Are the drivers' hours rules too onerous? Should we adhere to EU and UK drivers' hours regulations after leaving the EU? CM's operator panel discusses.
Ask any driver or operator which transport laws they would change if they had the power and they will probably mention either the drivers’ hours rules or the Road Transport (Working Time) Regulations.
The industry often bemoans the application of the UK domestic and EU drivers’ hours rules in the UK, with some operators admitting their drivers sometimes find it difficult to comply with both.
Drivers sometimes struggled to carry out their duties in compliance with the rules. A few cases will involve drivers turning to creating false tachograph records, by removing their card from the tachograph unit or disrupting the recording equipment with a magnet, as a result of this confusion.
According to the DVSA, 46% of the 3,271 offences detected during checks of UK- and foreign-registered trucks, in the year to March 2016, fell into the drivers’ hours category. This type of offence also represented 49% of all convictions achieved by the DVSA that year. This prompted the RHA to call for tougher sanctions for tachograph falsification, namely a much heavier fine and confiscation of the vehicle.
But would making the rules simpler for drivers to follow reduce the likelihood of such offences being committed, whether accidentally or not? CM asked its panel if drivers’ hours rules are too onerous and if the UK should continue to adopt the EU and UK domestic drivers’ hours regulations when it leaves the EU.
Matthew Kibble, MD, Matthew Kibble Transport
"The drivers’ hours rules need simplifying. I realise the rules are there to give us flexibility, with 11-hour breaks that can be reduced to nine and driving periods that can be extended twice a week, but the problem comes when paying back the reduced breaks and extra driving hours – it gets confusing.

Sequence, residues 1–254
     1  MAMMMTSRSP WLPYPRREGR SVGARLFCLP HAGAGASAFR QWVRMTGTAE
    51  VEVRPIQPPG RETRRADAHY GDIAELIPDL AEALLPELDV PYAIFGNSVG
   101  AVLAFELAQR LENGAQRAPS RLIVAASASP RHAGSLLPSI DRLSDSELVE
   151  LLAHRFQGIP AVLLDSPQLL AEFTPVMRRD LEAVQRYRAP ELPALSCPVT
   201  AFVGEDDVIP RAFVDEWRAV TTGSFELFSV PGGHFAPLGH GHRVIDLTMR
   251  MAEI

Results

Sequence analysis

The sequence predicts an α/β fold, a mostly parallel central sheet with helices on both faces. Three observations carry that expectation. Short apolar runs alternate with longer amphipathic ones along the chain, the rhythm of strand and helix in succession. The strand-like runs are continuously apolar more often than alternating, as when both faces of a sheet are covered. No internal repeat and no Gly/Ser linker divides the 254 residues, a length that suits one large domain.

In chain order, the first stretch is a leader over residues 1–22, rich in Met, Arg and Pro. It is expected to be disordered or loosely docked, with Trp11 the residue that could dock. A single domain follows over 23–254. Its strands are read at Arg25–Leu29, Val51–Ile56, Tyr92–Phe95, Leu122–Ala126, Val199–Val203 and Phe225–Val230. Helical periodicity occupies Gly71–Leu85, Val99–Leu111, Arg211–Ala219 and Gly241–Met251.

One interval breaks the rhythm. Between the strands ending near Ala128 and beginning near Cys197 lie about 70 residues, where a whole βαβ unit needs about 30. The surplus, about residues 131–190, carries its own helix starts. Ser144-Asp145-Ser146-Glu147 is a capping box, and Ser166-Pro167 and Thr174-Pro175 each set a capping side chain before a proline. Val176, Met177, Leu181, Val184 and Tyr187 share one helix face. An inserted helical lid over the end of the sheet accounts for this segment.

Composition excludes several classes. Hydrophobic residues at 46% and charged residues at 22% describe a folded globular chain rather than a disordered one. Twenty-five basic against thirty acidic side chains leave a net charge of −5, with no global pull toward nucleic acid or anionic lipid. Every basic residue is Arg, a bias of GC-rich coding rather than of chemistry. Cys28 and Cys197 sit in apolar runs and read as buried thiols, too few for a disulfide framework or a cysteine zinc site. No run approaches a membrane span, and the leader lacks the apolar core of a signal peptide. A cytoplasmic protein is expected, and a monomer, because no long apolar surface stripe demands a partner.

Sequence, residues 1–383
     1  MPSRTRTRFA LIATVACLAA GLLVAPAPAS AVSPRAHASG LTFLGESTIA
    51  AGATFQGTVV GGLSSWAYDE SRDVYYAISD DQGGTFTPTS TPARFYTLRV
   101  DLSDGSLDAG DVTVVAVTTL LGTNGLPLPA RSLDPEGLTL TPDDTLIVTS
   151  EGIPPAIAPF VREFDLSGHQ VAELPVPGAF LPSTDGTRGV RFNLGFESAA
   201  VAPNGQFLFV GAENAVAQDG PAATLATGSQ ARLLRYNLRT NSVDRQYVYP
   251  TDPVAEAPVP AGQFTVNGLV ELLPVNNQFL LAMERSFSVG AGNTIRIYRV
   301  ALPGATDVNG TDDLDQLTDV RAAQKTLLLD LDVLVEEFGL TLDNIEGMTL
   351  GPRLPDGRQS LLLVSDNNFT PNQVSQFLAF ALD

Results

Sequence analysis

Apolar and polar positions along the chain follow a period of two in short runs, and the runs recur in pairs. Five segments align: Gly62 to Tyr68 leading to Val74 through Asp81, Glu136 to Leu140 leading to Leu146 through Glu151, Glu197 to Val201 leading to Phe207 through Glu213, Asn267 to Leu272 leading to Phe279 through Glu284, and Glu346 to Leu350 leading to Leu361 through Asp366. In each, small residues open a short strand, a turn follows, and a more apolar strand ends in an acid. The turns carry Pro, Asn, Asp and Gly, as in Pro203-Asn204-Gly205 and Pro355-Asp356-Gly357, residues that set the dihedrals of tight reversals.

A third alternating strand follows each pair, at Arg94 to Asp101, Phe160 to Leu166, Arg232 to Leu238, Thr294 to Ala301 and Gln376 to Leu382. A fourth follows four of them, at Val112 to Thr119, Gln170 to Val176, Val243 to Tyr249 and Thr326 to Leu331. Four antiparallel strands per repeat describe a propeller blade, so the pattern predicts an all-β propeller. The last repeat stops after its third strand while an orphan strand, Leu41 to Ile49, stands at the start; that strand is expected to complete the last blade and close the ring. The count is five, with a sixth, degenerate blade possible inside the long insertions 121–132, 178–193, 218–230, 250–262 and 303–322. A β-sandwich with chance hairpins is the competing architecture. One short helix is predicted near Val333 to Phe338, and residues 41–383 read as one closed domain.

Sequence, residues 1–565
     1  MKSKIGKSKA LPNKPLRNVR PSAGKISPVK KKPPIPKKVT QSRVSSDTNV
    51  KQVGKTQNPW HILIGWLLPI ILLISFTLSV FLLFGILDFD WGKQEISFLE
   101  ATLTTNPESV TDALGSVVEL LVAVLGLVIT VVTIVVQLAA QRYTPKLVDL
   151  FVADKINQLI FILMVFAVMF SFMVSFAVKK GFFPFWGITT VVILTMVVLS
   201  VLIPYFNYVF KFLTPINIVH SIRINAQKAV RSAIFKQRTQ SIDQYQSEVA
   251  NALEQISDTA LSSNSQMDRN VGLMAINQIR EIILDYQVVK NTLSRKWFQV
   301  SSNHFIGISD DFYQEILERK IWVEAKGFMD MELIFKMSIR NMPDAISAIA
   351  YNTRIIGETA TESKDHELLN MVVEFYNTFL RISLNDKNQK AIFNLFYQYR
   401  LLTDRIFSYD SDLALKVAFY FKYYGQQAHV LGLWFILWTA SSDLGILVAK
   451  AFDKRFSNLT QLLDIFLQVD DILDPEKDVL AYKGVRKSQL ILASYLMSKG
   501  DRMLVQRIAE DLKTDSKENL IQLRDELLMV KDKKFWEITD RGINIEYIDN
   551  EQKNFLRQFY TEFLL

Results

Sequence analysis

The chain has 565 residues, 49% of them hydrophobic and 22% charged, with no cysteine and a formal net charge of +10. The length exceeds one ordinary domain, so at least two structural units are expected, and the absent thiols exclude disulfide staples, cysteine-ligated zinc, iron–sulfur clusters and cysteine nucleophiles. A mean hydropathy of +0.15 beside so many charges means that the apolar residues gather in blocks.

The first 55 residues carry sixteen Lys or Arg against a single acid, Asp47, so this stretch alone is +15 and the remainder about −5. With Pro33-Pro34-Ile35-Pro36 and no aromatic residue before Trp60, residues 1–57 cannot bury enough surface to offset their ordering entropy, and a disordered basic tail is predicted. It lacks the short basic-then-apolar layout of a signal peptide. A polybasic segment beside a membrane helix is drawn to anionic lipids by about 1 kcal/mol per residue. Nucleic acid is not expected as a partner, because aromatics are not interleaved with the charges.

"Why not keep it as simple as a maximum 14-hours duty time, a 10-hour rest period and a maximum daily driving time of 10 hours? We could keep the rules on 45-minute breaks, but scrap the rules concerning breaks under the Working Time Directive. When it comes to weekend breaks, drivers could have a single rest period of 36 hours or a minimum of two 24-hour periods taken in the same week.
"In light of any move, I’m sure we will still have to follow the drivers’ hours rules under the AETR [which are the same as the EU drivers’ hours rules]."
Andy Boyle, owner-driver, former MD, ABE (Ledbury)
"Drivers’ hours rules are – and always have been – too onerous and ridiculously complicated; and there are two sets of rules covering the UK and EU.
"Before last month I was not optimistic that we would be able to extricate the UK from AETR rules, but since Theresa May single-handedly dissolved her majority by way of political autocratic suicide, I don’t believe that under our Brexit agenda we are going to get a great deal.
"The idea we were going to exit the AETR and develop UK domestic rules is unlikely to happen if we want to continue to operate vehicles in the EU. I believe it will be seen as a minority interest, and will therefore slip off the negotiating table without much, or any, discussion.
"The rules need simplifying and rationalising, but while the rules are strictly enforced in the UK, and in lessening degrees throughout the other 27 EU member states, alongside Brexit negotiations, I cannot see much happening here any time soon."
Lesley O’Brien, partner, Freightlink Europe
"Since the introduction of the Driver CPC, drivers have a better understanding of EU drivers’ hours rules. Modifying the rules could lead to further confusion. The greatest issue for drivers is understanding how to incorporate the road transport Working Time Directive rules regarding breaks."